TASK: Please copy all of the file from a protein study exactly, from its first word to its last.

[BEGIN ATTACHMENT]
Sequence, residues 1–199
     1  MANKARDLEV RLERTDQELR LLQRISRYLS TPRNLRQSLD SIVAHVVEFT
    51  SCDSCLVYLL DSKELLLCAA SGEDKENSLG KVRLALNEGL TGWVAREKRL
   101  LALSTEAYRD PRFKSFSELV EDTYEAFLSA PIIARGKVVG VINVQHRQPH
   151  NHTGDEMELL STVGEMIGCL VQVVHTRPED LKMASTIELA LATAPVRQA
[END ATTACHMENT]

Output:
Sequence, residues 1–199
     1  MANKARDLEV RLERTDQELR LLQRISRYLS TPRNLRQSLD SIVAHVVEFT
    51  SCDSCLVYLL DSKELLLCAA SGEDKENSLG KVRLALNEGL TGWVAREKRL
   101  LALSTEAYRD PRFKSFSELV EDTYEAFLSA PIIARGKVVG VINVQHRQPH
   151  NHTGDEMELL STVGEMIGCL VQVVHTRPED LKMASTIELA LATAPVRQA